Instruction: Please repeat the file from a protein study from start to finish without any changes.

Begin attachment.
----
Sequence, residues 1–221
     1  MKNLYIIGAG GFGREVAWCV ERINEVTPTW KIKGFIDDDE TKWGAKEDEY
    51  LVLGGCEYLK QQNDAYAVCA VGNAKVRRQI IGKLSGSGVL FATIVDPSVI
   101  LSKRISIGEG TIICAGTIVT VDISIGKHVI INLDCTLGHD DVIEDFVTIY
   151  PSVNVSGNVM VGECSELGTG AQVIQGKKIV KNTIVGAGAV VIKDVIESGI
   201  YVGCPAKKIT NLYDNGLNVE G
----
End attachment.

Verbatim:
Sequence, residues 1–221
     1  MKNLYIIGAG GFGREVAWCV ERINEVTPTW KIKGFIDDDE TKWGAKEDEY
    51  LVLGGCEYLK QQNDAYAVCA VGNAKVRRQI IGKLSGSGVL FATIVDPSVI
   101  LSKRISIGEG TIICAGTIVT VDISIGKHVI INLDCTLGHD DVIEDFVTIY
   151  PSVNVSGNVM VGECSELGTG AQVIQGKKIV KNTIVGAGAV VIKDVIESGI
   201  YVGCPAKKIT NLYDNGLNVE G